Speaking of food, you might have noticed the absence of meat in our food list on top. I myself prefer vegetarian food mostly because I feel lighter, and other reasons add to it. Usually when I ask someone about their food preferences, it’s usually a mix of love for animals, health and the insane ecologic cost of producing meat. Dean doesn’t eat meat because … he never liked the taste of it. That’s why I love meeting new people: they share their way of thinking, their perspective, and it’s often so different to what I am used to. 🙂
Appreciating, Dreaming, Believing
Now, I’ve only met Dean for a few days, and what I told you so far is the little I’ve learnt in this short amount of time. I think, you and I, we both agree that this is such an incomplete impression. We got a few facts: Dean’s a passionate video editor with a love for music. He’s a nomad with a passion for slow-travel. But that is not what he is about, that’s not where the joy comes from, or why I wrote this piece.
What really distinguished Dean for me is what I perceive as a deep sense of appreciation. Whatever he sees, eats or encounters seems to make him happier. He reminds me of the story of the ferry man, which I recently read in a book by Michael Neill who
The ferry man carries two passengers over to a new country, and both passengers ask him how the people were on the other side. Each time, the ferry man replies with a question—how were the people like where you come from?—to which the first traveler replies: terrible people, so glad I’m out of there! Hearing that, the ferry man sighs and says: I’m afraid, they’re no different on the other side. The other passenger however answers the same question differently: wonderful people, and I’m sad to leave them. Here the ferry man smiles and says: I would not worry too much; you’ll find the people on the other side are just like that.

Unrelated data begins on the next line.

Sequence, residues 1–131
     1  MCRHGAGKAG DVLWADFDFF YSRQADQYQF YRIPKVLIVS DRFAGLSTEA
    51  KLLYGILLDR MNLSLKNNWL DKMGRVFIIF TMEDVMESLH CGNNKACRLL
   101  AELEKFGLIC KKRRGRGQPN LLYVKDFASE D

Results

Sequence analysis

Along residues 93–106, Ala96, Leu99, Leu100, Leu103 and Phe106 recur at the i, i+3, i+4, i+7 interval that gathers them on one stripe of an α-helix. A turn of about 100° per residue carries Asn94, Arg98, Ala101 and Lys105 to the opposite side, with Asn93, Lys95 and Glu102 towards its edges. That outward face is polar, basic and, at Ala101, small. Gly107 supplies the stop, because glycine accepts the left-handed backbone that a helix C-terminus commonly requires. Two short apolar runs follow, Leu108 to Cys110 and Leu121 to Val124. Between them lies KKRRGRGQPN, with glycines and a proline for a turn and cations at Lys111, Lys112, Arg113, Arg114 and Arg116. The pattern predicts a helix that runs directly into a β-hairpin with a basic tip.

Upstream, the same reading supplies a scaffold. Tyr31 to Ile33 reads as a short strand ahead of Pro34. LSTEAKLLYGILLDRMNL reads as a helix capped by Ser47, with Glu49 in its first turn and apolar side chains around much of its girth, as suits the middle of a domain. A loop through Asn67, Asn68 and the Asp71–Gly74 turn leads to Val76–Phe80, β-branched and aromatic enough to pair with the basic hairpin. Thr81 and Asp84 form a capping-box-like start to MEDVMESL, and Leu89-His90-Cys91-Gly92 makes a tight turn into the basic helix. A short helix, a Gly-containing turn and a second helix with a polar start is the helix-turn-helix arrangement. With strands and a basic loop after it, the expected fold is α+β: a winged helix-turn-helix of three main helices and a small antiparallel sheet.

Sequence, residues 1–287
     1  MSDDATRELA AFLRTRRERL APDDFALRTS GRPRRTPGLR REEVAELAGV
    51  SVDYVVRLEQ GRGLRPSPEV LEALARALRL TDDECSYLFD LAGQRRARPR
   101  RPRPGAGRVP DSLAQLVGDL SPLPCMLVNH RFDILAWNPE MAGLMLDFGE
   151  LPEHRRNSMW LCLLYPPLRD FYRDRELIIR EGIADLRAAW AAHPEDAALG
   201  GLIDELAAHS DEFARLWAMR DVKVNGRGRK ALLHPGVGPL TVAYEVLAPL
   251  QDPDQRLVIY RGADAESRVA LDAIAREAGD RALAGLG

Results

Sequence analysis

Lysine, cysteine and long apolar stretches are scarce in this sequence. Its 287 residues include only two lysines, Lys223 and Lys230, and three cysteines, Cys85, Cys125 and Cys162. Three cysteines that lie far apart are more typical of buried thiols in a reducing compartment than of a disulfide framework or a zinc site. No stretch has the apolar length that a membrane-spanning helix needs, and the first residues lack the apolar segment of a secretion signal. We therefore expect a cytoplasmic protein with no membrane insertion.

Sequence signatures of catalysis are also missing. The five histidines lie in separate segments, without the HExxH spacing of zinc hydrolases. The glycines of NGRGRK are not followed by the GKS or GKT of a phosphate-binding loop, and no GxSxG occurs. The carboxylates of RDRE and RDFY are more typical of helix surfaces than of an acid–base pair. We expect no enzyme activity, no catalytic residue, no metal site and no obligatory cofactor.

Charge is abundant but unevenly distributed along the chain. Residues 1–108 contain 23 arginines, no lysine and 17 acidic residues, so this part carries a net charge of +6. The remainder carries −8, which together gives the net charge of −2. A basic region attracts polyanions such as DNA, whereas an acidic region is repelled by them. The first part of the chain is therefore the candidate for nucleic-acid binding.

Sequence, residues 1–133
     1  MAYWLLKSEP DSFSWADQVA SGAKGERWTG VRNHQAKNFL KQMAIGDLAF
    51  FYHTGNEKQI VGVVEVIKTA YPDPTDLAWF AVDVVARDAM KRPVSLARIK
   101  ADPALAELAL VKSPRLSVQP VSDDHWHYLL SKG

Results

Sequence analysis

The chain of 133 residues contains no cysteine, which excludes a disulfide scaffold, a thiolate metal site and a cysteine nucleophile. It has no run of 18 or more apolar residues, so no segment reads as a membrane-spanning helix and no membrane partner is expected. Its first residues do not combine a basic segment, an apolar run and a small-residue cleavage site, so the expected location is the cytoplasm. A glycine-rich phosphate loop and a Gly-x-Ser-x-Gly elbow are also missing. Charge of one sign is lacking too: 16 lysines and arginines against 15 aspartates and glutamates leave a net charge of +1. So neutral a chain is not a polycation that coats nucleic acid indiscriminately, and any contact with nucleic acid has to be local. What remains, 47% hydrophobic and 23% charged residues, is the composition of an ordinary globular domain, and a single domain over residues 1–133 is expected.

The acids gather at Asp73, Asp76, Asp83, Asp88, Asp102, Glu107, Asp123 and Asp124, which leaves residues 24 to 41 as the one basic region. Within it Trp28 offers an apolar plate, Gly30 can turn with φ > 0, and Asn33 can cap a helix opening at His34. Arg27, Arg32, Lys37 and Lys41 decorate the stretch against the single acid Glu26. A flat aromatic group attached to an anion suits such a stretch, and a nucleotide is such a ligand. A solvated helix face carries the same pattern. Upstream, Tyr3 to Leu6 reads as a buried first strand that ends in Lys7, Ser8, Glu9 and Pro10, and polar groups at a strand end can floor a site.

Dean reminds me of the second passenger. Wherever he goes, he finds more people that confirms his positive view of people, eats more delicious meals that make it obvious that food everywhere is awesome, and more nature that blows his mind. Spending time with someone like that is a gift.
Over Hummus and beer, I realized that he’s not just appreciating what is, but also dreams about what might be. Think of the Senegalese band—they might make it big. Or governments—why can’t they try to advise only? For sure, you don’t do 10 days silent retreat because you’re convinced nothing will change. Even how he earns his living: video editing is the ultimate dream(er) job, if you think about it. You get a crate of visual building blocks—and they could be anything and nothing!—but the editor sees a beautiful house waiting to be built from the blocks, and he builds it.
So what happens, when you meet an appreciative dreamer like Dean? It’s simple: You yourself start feeling good. It’s an awesome quality in any person and my days were better for meeting him. So, if you’ve the chance (for example, if you’re in Taiwan right now), invite him for a beer. If you just need a passionate video editor, find him online:
Visit Dean’s Portfolio!
As is fitting for Dean, who loves music videos very much, let me end this article with a music video of his:
Edited: We switched the order of videos to be more digestible.